For new parents, it can be rough, trying to get a grip on all of the needs that your new baby has. Even as they mature into an infant, your baby will require new and increasingly complex standards in their life, including a proper sleep regimen that can affect their wellness in a drastic way.
We’ve all heard the figures—babies should get more than ten hours of sleep each day, should take at least two naps and should always be put to bed at the same time. And while these demands all have merit, it’s important to understand why. What makes sleep and a sleep schedule such an important part of pediatrics in White Salmon, WA?
Regularity and consistency
Have you ever flipped back and forth between sleep schedules? You may have slept for a few hours here, stayed awake for a few more there, taken a full night’s sleep, only to go another night without sleeping very much. It’s sporadic sleep patterns like this that make us feel tired, worn and irritable—imagine what an erratic sleep schedule will do to an infant!
Infants and newborns are still in their earliest development stages, meaning that rest and rejuvenation are crucial to the development of their skills. The more rested a child is, the better they’ll be able to comprehend the world around them—this includes the restfulness that comes from unbroken sleep patterns.
Biological clock development
Another reason that sleep patterns are such a central concern in the world of pediatrics in White Salmon, WA is because a proper sleep pattern is essential in maintaining a person’s biological clock. Your biological clock dictates many things—when you feel hungry, sleepy or alert, as well as basic bodily functions and needs. Having this clock accustomed to regular function means improving several key aspects of life in a way that’s automated and optimized for growth.
Again, regulating the internal biological clock of a newborn or infant is crucial in setting them on the path to cognizance—their bodies will be attuned to sleeping, eating and being alert at all the right times, helping them to internalize the world around them and grow while doing so.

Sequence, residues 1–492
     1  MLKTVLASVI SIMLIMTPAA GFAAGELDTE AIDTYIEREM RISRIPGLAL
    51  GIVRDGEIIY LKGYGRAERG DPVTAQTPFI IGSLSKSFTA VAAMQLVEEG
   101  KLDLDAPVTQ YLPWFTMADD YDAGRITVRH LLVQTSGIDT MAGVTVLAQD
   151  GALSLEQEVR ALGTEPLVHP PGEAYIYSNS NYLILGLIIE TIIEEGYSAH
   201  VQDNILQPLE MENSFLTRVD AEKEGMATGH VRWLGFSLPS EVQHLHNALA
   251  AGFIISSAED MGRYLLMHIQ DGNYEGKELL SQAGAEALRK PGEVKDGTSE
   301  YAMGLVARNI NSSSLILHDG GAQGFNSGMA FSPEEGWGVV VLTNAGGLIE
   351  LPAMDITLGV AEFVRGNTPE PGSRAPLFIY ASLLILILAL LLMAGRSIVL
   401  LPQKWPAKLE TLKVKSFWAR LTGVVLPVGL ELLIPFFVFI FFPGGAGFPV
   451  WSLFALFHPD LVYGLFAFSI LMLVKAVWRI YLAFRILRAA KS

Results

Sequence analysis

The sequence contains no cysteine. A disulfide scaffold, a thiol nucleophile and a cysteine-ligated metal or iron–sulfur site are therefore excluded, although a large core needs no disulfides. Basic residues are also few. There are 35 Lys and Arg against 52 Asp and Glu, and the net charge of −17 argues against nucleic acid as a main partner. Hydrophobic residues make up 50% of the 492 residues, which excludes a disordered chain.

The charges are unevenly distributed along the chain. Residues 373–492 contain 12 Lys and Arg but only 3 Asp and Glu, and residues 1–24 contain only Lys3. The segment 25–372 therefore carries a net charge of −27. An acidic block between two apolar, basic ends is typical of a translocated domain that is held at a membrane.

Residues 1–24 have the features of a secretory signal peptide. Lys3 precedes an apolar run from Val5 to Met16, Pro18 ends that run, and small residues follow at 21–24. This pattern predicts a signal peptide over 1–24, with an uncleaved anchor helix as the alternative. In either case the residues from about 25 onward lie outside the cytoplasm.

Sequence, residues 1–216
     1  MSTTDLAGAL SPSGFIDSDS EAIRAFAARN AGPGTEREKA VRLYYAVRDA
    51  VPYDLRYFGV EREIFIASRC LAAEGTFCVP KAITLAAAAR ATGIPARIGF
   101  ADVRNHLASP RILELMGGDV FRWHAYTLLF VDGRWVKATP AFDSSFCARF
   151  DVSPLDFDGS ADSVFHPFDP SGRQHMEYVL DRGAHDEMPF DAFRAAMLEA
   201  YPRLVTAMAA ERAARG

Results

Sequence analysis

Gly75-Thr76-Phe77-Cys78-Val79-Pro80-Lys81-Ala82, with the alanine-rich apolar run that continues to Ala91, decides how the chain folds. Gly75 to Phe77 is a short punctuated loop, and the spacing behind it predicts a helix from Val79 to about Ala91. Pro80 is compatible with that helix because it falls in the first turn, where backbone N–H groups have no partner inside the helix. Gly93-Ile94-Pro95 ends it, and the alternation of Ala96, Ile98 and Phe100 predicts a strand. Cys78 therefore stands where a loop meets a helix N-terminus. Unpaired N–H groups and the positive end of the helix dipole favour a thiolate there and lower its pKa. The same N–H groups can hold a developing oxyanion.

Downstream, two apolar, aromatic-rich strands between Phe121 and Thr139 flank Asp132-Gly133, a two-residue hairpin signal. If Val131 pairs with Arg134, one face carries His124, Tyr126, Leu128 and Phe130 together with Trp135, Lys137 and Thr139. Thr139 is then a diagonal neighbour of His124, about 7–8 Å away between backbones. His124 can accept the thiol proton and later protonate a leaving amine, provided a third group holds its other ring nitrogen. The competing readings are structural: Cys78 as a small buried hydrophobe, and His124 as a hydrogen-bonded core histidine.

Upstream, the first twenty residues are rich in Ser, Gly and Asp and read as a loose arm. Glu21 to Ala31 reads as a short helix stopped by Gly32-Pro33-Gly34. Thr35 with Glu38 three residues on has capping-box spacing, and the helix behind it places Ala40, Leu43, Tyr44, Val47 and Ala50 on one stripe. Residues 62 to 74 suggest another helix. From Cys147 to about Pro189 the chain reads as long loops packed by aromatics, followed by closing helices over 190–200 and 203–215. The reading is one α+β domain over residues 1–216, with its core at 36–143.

As an added bonus, this will also support the parental side of things—a child with a steady biological clock is one that will generally sleep through the night, want to be fed at the same times each day and who will be generally happier because of their natural schedule.
Tips on how to make it work
The biggest factor in regulating a child’s sleep pattern is consistency—make sure that they’re following a strict schedule that doesn’t deviate from day to day. If your child goes down for a nap at 2pm, make sure that this nap is never more than ten minutes off of the mark. Likewise, don’t let them oversleep—maintain a strict sleeping schedule that both allots them enough time to sleep, while also ensuring that they do not over sleep: over time, this will be more easily recognizable, as children will wake up on their own.
Finally, pay attention to your children’s moods and their actions—especially in children that are too young to properly tell you how they feel. Watch for lethargy, which indicates the need for more or less sleep, as well as irregularity, which could indicate that there’s something wrong with the schedule you have set up.
Remember, maintaining a proper sleep schedule is crucial—there’s a reason that it’s at the center of many debates on pediatrics in White Salmon, WA!
Categorised in: Pediatrics